For years now, I’ve been using a worn-out 2.5” cardboard square to make good use of leftover bits of fabric. (Nothing fancy — it’s cut from a case of beer!)
If I have a scrap of fabric that’s too small to put back in my regular (colour-coded) fabric bins, I quickly trace as many 2.5” squares as it will hold …
… then cut them out and stick them in a plastic bin for future use. OK, several bins.
(Why 2.5”? Well, a 2.5” square will actually result in a finished 2” square after you add 1/4” seams on all four sides. Quilting involves a lot of math, which is probably a good thing because I need regular math practice.)
My original plan had been to stitch a zillion of the tiny squares together and make a huge crazy quilt. I did that for a while — until I’d made a 4’ x 5’ stretch of quilt top — before I decided I was sick of the project.
I still had hundreds, even thousands, of those tiny 2.5” squares. I just didn’t want to have to stitch them together, one by one, trying to align thousands of intersections where four squares meet. Ugh.
Then I came across the idea of making what’s called a “postage stamp quilt” (lots and LOTS of tiny squares) using a cool “cheater” method that involved SEWABLE iron-on interfacing.*
(You can get any kind, but make sure it’s lightweight and SEWABLE, not the sticky no-sew kind or you’ll gum up your sewing machine needles and curse the day you bought the wrong kind.)
My squares each measured 2.5” so I knew a 5×5 layout would require a 12.5” x 12.5” piece of iron-on interfacing. I cut a 13” square just to be safe, knowing I could easily trim a bit off the edges.
I put the interfacing bumpy side up (meaning the gluey part was up) and had fun arranging a 5×5 grid of colourful little squares.
Some people draw a grid on their interfacing and then fill it in, but I found I was able to keep it relatively straight by starting in the middle and working out.
Since the glue wasn’t activated yet, I could play around with the layout until I was happy with the placement of each square.
I pressed a hot iron down onto the grid a few times so the heat would melt the glue in the interfacing — sticking the squares together in their grid.
I ironed the grid carefully until I was sure every square was stuck in place, and then I could pick up the grid easily. All 25 tiny squares had become one big square!
This part is fast and SUPER satisfying. I made a whole bunch of big squares in no time at all.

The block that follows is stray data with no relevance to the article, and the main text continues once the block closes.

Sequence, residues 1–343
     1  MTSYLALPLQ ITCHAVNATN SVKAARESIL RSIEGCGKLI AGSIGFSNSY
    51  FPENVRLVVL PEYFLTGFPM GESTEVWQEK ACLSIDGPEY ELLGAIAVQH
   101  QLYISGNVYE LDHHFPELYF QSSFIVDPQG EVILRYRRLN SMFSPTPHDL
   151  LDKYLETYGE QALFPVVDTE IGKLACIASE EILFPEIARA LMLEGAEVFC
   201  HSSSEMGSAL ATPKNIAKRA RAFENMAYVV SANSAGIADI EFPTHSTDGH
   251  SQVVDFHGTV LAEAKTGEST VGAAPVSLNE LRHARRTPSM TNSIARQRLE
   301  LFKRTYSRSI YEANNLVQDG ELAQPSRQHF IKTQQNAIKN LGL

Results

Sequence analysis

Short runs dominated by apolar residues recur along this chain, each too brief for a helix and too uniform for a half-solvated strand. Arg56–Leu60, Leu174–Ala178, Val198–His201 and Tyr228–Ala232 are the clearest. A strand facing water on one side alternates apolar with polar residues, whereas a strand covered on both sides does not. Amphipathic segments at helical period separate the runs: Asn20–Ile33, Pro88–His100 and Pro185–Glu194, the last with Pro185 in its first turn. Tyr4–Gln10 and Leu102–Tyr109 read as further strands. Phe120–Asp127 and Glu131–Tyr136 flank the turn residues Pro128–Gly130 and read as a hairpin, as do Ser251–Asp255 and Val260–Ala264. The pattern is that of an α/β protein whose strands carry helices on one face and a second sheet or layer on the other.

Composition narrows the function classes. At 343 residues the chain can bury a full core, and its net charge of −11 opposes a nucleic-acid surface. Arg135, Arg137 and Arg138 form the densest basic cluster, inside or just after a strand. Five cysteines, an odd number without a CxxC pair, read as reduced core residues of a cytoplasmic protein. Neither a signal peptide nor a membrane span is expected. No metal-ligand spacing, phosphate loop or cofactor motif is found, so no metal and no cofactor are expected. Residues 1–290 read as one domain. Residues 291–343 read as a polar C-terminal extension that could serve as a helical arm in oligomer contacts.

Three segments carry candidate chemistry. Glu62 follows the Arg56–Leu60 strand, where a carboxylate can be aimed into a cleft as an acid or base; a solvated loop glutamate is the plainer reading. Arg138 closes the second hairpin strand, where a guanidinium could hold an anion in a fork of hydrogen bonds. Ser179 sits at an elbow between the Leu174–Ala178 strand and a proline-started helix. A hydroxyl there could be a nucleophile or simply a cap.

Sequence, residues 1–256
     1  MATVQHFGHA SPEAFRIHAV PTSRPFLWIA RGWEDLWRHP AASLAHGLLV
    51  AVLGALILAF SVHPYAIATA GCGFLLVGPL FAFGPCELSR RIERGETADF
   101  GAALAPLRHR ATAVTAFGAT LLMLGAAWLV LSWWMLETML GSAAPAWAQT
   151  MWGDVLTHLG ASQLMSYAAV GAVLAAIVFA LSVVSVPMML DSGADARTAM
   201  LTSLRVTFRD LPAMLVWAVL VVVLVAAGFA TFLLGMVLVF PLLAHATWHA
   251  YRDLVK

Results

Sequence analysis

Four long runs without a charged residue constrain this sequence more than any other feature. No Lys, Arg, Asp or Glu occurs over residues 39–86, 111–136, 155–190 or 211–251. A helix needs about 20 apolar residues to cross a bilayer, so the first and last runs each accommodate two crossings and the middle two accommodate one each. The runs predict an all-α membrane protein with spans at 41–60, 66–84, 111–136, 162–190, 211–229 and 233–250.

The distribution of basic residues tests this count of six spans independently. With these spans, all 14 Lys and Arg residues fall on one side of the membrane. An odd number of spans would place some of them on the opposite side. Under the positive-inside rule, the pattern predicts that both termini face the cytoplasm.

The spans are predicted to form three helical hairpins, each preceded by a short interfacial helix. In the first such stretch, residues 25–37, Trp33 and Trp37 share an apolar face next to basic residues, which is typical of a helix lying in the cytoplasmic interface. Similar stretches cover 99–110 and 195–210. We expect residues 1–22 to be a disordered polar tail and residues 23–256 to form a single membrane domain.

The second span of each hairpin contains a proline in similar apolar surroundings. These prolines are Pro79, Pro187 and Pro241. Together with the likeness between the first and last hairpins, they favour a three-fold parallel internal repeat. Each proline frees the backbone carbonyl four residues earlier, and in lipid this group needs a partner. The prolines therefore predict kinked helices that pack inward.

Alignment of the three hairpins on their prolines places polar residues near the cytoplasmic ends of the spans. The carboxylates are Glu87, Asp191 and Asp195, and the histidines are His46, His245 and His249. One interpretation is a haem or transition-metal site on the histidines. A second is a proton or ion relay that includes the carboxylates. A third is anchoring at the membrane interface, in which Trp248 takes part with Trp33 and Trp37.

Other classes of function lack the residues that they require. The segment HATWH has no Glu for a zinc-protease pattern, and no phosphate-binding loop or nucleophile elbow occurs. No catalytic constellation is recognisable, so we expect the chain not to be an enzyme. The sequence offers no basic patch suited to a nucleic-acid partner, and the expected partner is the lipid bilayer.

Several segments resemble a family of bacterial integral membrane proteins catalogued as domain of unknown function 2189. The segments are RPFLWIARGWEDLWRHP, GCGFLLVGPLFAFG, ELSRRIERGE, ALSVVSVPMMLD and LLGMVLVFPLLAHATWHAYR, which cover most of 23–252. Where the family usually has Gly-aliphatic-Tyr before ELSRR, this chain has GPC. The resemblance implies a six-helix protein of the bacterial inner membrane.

Of course, I wasn’t finished.
The 5×5 squares couldn’t be used in a quilt yet. They would look awful because the edges around each tiny square would fray and expose the interfacing underneath.
In order to finish a square, I flipped over the first row (of tiny squares) and stitched all the way across the back — about 1/4” from the crease — to seal in the raw edges.
Once I did each row, the back of the block looked like this …
I did that with each vertical row, and then I pressed the “stick-up seams” flat and did the same with each horizontal row.
Then the back of the blocks looked like this …
I flipped each block over and pressed it from the front. The finished result was a perfect 5×5 grid where every intersection was tidy — no wonky areas where four squares don’t meet correctly — and it didn’t require a single pin to get anything painstakingly aligned. WOW!
Once I figured out this method was genius, I got on a roll and made 5×5 grids until I ran out of interfacing. It was addictive!
I loved pawing through my bins of scrappy squares and picking out different block themes — Christmas, Halloween, superheroes — or playing with different colour combinations.
When I have enough finished blocks, my plan is to add white sashing (borders) around each square — mostly to keep the themes separate so you can appreciate each block individually — and then sew them together to make a gigantic colourful quilt.
Don’t forget to pin this post for later so you can refer back to it.